“If s. 51 [xxix] authorises the Australian parliament to make laws to give effect to every international agreement which the executive may elect to make, the Commonwealth would be able to obtain unrestricted legislative power. The distribution power made by the constitution could in some time totally eliminated; there would be no field power which the Commonwealth could not access, and the federal balance achieved by the constitution could entirely obliterated.
” However, it is to be noted that such legislation must be in tune with the treaty that must be proper and pursued to attain the objectives of the treaty. Further, the international obligations must be incurred bona fide and not as a colorable design to increase the power of the federal Parliament over provinces otherwise beyond its legislative competence.
Though , High Court of Australia has clearly demonstrated that Parliament has wide powers to implement treaties to which Australia is or inclines to become a party and however , Federal Parliament has not always been eager to employ its authority to the full extent as authorized by Constitution and because of its cooperative federalism , the Commonwealth government has commonly involved the legislative and executive organs of the state government in the practice of drafting and implementing international treaty commitments.
It is to be recalled in Mabo v. Queensland, it was held that though the Australian common law may not corroborate with international law and however, international law is a legitimate and significant influence on the development of the common law particularly when international law declares the existence of universal human rights. In Dietrich v. R, the accused was charged under federal law with the offence of smuggling heroin into Australia.
He was later convicted and his request for public legal assistance was declined. During the appeal to High Court, the accused argued that Australia has a treaty obligation under the ICCPR to offer legal assistance to the accused . However the particular section was not incorporated into Australian law by legislation. It was held that whenever the local law is silent, it is duty of Australian court to look into its obligations under international treaty. In Dietrich v.
R, there was a cautious approach that judiciary should not seize the powers of legislature by introducing directly provisions of international treaties which the legislature has failed to implement directly. As such, Courts have looked into unincorporated treaties outside the field of human rights. In Victoria v Commonwealth (Industrial Relations case), the soundness of some newly initiated provisions of the Industrial Relations Act 1988(Cth) were confronted as being unconstitutional.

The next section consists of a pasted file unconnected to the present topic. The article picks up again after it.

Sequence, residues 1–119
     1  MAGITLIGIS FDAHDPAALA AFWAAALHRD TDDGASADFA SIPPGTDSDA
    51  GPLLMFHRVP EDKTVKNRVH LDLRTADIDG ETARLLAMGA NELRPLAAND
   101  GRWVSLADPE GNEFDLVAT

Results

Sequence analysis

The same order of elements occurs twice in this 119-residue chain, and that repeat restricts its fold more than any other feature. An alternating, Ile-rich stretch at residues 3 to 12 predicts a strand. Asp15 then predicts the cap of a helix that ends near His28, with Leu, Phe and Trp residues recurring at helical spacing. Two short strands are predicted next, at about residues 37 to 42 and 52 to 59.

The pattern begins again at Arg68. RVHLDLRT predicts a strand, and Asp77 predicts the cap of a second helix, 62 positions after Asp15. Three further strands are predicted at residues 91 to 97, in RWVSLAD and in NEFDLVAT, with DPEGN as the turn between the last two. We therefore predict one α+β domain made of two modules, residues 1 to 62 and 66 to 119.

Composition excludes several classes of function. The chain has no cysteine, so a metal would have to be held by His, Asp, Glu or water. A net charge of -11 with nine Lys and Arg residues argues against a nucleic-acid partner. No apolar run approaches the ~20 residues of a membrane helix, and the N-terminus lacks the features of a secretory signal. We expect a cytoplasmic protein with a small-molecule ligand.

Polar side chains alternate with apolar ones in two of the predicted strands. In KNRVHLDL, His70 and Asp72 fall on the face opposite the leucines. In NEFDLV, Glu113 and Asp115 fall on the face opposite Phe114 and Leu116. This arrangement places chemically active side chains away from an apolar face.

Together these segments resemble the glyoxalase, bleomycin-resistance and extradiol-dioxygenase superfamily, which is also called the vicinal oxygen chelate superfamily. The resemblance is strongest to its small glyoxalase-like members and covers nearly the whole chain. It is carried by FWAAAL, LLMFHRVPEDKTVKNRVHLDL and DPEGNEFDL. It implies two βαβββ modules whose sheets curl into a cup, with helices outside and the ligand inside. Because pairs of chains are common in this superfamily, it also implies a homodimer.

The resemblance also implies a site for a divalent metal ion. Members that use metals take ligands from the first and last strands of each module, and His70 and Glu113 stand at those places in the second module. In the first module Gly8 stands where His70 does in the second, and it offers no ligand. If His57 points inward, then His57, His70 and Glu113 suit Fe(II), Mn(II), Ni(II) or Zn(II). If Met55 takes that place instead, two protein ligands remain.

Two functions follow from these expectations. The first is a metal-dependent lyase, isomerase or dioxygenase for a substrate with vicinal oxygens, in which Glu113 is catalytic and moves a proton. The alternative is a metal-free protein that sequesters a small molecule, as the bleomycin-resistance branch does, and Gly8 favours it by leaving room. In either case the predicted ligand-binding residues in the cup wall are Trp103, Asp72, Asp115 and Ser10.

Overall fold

The High Court accepted the arguments of the Commonwealth that those provisions in the Act were appropriately legislated and valid under the external affairs power in s 51 (xxix) of the Constitution. In Minister for Immigration and Ethnic Affairs v Teoh, it was held that endorsement of an international treaty by the executive can give rise to a ‘legitimate expectation’ that governmental agencies will act in harmony with the terms of the treaty even though those terms have not been translated into domestic legislation.
Further, Australia is yet to make laws expansively at either Commonwealth or state level to give effect to provisions of ICCPR, the procedure that can be accessed through the optional Protocol offer Australians to individually communicate directly with United Nations Human Rights Committee in respect to supposed violations of ICCPR. 9. CONCLUSION: This research essay focused on issues of conflict that Australia is having with the international law on its domestic front .
Many of the complexity arises from a federal Constitution that lacks to elucidate lucidly the role of the federal executive or the constitutional power of the federal parliament as relate to the country’s foreign affairs. However, as reconciling measure, recent federal government has involved state governments in implementing international treaties in Australia.
However, despite of this cooperative federalism, some legal and political issues pertaining to international treaties in Australia remain enervated. Though, the Australian federal government witnesses few formal obstacles to the drafting and implementation of its desired foreign policy , the political will is required to involve states in the foreign policy process when it involves state’s interest also and in such cases , it is potentially challenging.
The recent events like World Heritage listing of large wilderness provinces in the state of Tasmania and Queensland and over some provisions of Tasmania’s criminal code which reminds us that federalism and a spirited foreign policy go ill together holds more than a little degree of truth in the Australian federation.
Albinski, Henry S, Australian External Policy under Labor: Content, Process and the National Debate (1977) 5. Christine Forster,’Australia to Ratify Two Chemical treaties ‘(2003} 165 (31) Chemical Week 16.